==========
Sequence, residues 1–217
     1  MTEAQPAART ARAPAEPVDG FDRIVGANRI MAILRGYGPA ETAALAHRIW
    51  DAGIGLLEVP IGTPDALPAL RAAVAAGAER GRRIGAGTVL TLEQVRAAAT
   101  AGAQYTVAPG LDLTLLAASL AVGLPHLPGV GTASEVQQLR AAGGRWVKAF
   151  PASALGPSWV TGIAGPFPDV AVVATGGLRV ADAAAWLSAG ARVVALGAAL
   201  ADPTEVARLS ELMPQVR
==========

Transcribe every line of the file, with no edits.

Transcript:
Sequence, residues 1–217
     1  MTEAQPAART ARAPAEPVDG FDRIVGANRI MAILRGYGPA ETAALAHRIW
    51  DAGIGLLEVP IGTPDALPAL RAAVAAGAER GRRIGAGTVL TLEQVRAAAT
   101  AGAQYTVAPG LDLTLLAASL AVGLPHLPGV GTASEVQQLR AAGGRWVKAF
   151  PASALGPSWV TGIAGPFPDV AVVATGGLRV ADAAAWLSAG ARVVALGAAL
   201  ADPTEVARLS ELMPQVR